# Continuing a line with a new line in tikz using the slope equation isn't working as expected

I have the following minimal working example:

\documentclass{standalone}

\usepackage{tikz}
\usetikzlibrary{calc}

\begin{document}
\begin{tikzpicture}
\coordinate (A) at (-1, 1);
\coordinate (B) at (2, 2);

\draw (A) -- (B);
\draw[dashed] let \p1 = (A), \p2 = (B) in (B) -- (5, {((\y2-\y1)/(\x2-\x1))*(5-\x1) + \y1});
\end{tikzpicture}
\end{document}


One knows that the line equation can be calculated with

y-y0 = m(x-x0)

where the slope m = (y1-y0)/(x1-x0).

Here, you can see that x = 5 in my case but the new line doesn't follow the original line as expected. Instead I get the following:

However when choosing x = 0 it works somehow. I'm lost on why it isn't working like expected for the other points.

Once a coordinate is evaluated PGF/TikZ only knows its position in the canvas coordinate system (with units). The xyz coordinate system just transform your x, y and z values (without units) into the canvas coordinate system. (By default, for x and y this means just multiplication with 1cm.)

The \x and \y shorthands only return values in the canvas coordinate system and indeed letting TeX write

((\y2-\y1)/(\x2-\x1))*(5-\x1) + \y1


on the page or the log file will result in

((56.90549pt-28.45274pt)/(56.90549pt–28.45274pt))*(5–28.45274pt) + 28.45274pt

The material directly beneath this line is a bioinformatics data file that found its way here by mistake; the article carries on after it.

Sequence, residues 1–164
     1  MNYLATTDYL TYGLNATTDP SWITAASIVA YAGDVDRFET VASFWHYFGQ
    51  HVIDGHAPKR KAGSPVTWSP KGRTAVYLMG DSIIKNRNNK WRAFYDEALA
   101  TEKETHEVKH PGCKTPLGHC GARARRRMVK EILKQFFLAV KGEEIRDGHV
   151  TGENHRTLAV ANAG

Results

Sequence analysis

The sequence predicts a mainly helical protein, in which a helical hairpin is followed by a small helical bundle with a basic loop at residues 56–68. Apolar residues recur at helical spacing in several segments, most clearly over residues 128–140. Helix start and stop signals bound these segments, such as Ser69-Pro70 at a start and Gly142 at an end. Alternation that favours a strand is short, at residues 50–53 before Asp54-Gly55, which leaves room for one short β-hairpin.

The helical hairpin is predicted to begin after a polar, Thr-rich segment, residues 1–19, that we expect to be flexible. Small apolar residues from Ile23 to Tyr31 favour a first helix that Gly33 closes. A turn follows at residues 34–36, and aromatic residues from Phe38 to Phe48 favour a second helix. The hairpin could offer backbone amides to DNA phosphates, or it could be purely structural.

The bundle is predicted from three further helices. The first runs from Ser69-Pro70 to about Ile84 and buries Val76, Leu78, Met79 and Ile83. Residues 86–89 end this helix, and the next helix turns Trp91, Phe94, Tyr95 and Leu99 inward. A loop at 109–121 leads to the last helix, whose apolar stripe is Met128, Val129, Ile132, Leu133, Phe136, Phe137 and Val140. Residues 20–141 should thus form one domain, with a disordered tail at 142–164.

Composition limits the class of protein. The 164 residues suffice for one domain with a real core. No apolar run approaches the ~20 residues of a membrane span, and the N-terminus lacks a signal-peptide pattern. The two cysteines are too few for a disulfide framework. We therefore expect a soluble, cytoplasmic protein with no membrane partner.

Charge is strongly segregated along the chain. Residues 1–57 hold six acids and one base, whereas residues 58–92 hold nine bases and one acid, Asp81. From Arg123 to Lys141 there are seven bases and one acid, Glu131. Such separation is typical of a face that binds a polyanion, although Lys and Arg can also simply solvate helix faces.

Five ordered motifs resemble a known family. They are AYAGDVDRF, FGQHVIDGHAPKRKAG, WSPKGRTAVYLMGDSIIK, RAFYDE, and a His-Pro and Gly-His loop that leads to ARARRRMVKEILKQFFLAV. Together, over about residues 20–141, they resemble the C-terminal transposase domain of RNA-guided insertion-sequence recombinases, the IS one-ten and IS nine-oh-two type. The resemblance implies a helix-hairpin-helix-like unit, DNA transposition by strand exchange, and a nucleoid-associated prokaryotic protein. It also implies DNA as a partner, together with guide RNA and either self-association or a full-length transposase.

The lonely 5 will now be interpreted as 5pt and not 5 (or 5cm).

One solution would be to parse (5, <any y value>) in \p3 and use \x3 instead of 5 or you can use the undocumented intersection of coordinate specification and just let TikZ to the math for you, i.e. find the point where the line through A and B meets the vertical line through x = 5.

## Code

\documentclass[tikz]{standalone}
\usetikzlibrary{calc}
\begin{document}
\begin{tikzpicture}
\coordinate (A) at (-1, 1);
\coordinate (B) at (2, 2);

\draw (A) -- (B);
\draw[dashed] let \p1 = (A),
\p2 = (B),
\p3 = (5,0) in
(B) -- (5, {((\y2-\y1)/(\x2-\x1))*(\x3-\x1) + \y1});
\end{tikzpicture}
\begin{tikzpicture}
\coordinate (A) at (-1, 1);
\coordinate (B) at (2, 2);

\draw (A) -- (B);
\draw[dashed] (B) -- (intersection of A--B and 5,0--5,1);
\end{tikzpicture}
\end{document}


## Output

• Of course, you can also use -1, 1, 2 and 2 inside PGFMath but then you will need to have your own macros/functions for those and make the coordinate specification dependent on those values, too. Jun 1 at 15:02

Using tzplot:

\documentclass{standalone}

\usepackage{tzplot}

\begin{document}

\begin{tikzpicture}
\tzcoors(-1,1)(A)(2,2)(B);
\tzLFn(A)(B)[-1:5]<edge[dashed,blue] ([turn]0:5cm)> % to extend
\end{tikzpicture}

\end{document}


Similarly, you can also:

\documentclass{standalone}

\usepackage{tzplot}

\begin{document}

\begin{tikzpicture}
\tzcoors(-1,1)(A)(2,2)(B);
\tzLFn(A)(B)[-1:5]
\tzpointangle(A)(B){\angleAB} % calculate the angle
\tzLFn[dashed](B){tan(\angleAB)}[5:10]
\end{tikzpicture}

\end{document}